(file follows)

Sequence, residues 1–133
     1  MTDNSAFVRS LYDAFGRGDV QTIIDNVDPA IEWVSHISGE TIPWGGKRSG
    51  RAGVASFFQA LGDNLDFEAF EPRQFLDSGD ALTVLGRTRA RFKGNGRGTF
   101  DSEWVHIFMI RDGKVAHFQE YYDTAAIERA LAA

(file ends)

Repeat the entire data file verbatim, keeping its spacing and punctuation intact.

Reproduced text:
Sequence, residues 1–133
     1  MTDNSAFVRS LYDAFGRGDV QTIIDNVDPA IEWVSHISGE TIPWGGKRSG
    51  RAGVASFFQA LGDNLDFEAF EPRQFLDSGD ALTVLGRTRA RFKGNGRGTF
   101  DSEWVHIFMI RDGKVAHFQE YYDTAAIERA LAA